Turkey Shoot isn’t a masterpiece by any stretch of the imagination. It features a host of flawed acting, flawed special effects and due to a third of its budget being taken away at the last second, some extremely flawed production design. With its imported actors, dubious accounting and sometimes graphic violence, it became a poster child for everything that was wrong with the 10BA tax shelter of the eighties. Though all of this is true, the film is actually a fun, rollicking good ride when considered by its own merits: from the perspective of a comic book style exploitation movie as directed by ozploitation auteur Brian Trenchard-Smith.
The film is set in the year 1997. Documentary footage is used during the opening credits to establish a dystopian future where people are rounded up into “re-education” camps for the pettiest of crimes and sadistic guards aid them in their progress to re-join society. On a concept level, the film aims to make a commentary about the politics of its day, even naming the prison commandant Thatcher, which though not subtle, works well enough. The basic plot is a reiteration of The Most Dangerous Game (most recently updated to enormous success with The Hunger Games), where humans are hunted like animals.
The two main inmates are played by the American Steve Railsback and English actress Olivia Hussey and they are both horrible. Railsback lacks any conviction whatsoever and Hussey genuinely looks like she doesn’t want to be there. It’s the Australian’s in the cast that really shine. Veteran Roger Ward is great as the head prison guard in his most iconic role, and Michael Craig as Thatcher takes his role completely seriously and pulls it off with absolute perfection – in fact it may be, no kidding, one of the finest screen performances in Australian cinema.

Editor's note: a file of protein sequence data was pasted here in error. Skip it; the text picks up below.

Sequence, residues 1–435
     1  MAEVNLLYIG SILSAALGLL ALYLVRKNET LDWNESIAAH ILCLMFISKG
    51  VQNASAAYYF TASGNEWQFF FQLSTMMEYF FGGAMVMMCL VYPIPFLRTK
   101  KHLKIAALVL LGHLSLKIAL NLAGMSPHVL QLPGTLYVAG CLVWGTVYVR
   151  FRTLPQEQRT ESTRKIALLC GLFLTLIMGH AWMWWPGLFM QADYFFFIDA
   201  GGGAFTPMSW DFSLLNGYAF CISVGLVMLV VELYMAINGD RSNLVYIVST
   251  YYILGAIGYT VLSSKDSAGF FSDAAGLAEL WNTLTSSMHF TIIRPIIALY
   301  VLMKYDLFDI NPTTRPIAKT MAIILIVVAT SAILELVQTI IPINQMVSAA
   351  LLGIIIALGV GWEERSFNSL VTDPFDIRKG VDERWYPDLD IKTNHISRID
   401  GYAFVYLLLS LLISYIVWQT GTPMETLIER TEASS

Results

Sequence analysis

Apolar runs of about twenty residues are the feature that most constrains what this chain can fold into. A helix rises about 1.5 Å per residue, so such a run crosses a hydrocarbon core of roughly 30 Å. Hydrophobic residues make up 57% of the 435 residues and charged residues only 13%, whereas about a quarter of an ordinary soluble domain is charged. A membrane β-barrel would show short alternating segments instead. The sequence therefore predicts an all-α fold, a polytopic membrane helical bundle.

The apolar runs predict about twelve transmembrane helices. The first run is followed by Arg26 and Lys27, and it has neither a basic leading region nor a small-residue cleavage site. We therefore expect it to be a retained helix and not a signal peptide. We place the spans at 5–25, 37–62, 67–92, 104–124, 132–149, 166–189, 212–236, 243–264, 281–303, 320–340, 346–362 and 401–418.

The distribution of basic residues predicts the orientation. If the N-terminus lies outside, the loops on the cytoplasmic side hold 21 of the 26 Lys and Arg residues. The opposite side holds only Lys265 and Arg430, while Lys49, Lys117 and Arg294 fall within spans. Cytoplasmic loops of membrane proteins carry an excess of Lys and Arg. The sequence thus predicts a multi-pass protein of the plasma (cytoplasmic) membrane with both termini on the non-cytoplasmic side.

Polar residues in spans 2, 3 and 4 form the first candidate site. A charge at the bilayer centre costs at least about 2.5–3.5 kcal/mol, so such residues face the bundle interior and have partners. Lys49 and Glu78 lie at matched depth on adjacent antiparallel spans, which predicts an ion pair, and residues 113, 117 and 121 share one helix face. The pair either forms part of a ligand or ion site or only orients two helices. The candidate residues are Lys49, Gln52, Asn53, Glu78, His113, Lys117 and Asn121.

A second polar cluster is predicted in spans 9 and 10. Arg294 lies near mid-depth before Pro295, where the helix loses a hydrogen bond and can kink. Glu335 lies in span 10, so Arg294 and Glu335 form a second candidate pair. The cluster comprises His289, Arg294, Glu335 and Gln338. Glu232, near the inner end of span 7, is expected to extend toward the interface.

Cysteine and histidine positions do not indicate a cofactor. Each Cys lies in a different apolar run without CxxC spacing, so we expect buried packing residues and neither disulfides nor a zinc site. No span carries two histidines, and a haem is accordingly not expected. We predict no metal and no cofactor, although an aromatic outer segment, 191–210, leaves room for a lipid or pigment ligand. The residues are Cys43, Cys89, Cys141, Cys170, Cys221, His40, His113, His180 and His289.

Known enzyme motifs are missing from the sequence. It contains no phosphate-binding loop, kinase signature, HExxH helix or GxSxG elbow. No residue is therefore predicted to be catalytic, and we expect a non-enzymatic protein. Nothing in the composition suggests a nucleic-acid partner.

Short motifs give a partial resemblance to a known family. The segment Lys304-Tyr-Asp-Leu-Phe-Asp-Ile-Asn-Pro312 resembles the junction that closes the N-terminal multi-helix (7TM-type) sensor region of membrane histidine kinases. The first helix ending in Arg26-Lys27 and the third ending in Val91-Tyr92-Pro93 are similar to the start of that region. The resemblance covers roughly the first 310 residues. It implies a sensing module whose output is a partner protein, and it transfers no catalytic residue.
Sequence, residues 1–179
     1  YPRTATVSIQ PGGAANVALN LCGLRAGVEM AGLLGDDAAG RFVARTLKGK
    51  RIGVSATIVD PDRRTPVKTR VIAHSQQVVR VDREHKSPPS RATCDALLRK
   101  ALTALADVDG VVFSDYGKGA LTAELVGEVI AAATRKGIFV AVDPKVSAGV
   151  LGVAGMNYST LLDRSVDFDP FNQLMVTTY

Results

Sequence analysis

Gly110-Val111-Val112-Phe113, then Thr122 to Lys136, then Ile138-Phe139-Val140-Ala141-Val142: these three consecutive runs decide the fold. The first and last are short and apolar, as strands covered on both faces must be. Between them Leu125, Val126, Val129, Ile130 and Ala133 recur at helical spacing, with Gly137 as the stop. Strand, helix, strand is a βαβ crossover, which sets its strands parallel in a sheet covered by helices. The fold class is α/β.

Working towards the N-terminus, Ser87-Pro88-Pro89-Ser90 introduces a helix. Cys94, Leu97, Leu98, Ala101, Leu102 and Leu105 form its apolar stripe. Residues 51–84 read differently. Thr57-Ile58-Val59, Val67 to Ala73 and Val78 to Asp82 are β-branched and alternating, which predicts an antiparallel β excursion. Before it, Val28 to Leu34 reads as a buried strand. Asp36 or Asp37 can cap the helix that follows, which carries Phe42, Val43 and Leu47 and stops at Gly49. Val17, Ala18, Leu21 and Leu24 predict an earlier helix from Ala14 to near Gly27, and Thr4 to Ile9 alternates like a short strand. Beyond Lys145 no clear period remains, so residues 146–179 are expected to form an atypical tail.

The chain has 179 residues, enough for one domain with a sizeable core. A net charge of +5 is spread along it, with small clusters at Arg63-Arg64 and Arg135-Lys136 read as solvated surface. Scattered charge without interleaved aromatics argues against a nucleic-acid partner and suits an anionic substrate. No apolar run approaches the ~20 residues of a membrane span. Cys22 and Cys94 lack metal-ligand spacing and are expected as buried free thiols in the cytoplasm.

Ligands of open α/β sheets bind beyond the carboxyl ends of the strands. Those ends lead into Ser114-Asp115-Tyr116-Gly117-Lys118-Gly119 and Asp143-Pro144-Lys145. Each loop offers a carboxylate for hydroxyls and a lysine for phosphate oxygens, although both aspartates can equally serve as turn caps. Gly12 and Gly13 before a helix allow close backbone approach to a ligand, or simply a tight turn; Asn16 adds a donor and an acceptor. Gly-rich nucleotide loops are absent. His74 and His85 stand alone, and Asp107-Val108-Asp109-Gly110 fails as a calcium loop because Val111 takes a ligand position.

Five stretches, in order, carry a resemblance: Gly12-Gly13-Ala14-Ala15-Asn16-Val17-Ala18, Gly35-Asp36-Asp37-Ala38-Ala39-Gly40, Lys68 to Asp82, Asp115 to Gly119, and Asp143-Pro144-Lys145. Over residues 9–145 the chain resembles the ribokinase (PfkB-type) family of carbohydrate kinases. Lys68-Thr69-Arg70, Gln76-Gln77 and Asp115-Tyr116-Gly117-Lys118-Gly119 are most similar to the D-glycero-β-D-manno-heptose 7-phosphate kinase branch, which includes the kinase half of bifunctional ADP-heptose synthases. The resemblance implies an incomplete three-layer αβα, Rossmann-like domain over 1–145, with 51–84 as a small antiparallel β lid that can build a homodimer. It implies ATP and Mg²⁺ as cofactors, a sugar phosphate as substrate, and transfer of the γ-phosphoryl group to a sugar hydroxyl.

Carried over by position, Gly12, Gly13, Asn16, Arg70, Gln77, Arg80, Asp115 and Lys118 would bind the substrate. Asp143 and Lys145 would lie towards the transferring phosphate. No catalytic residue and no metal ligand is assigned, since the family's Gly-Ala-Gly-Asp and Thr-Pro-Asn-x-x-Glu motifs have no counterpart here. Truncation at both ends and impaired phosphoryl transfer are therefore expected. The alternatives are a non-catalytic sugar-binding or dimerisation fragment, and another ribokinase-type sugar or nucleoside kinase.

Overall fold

The success of the film lies entirely with Trenchard-Smith’s direction. In spite of any production difficulties, he establishes the context for the film well and creates a cartoon style tone that suits the material perfectly. His use of John R. McLean’s wide screen cinematography in conjunction with the Queensland locale, his elegant stage direction and shot composition is truly superb and elevates the film beyond its deficiencies. The major issue, as well as what the critic’s of the day objected too, was the incorporation of sadistic behavior from the guards, such as the “playing ball” scene, which although serves the story disrupts the tone of the film, as does the occasional lingering of graphic violence, such as the shots of an arrow ridden body. The explosion of Thatcher’s body in the finale however, is a truly awesome effect that encapsulates the over the top, cartoony style that is so good about the film.
Turkey Shoot, though severely lacking in some areas, is the extremely odd film where for whatever reason, the whole is significantly better than the sum of its parts. If you can let your mind go with the insanity on display and disregard some of the more unpleasant moments, then Turkey Shoot is a ridiculously fun film made by one of Australia’s best and most original film makers.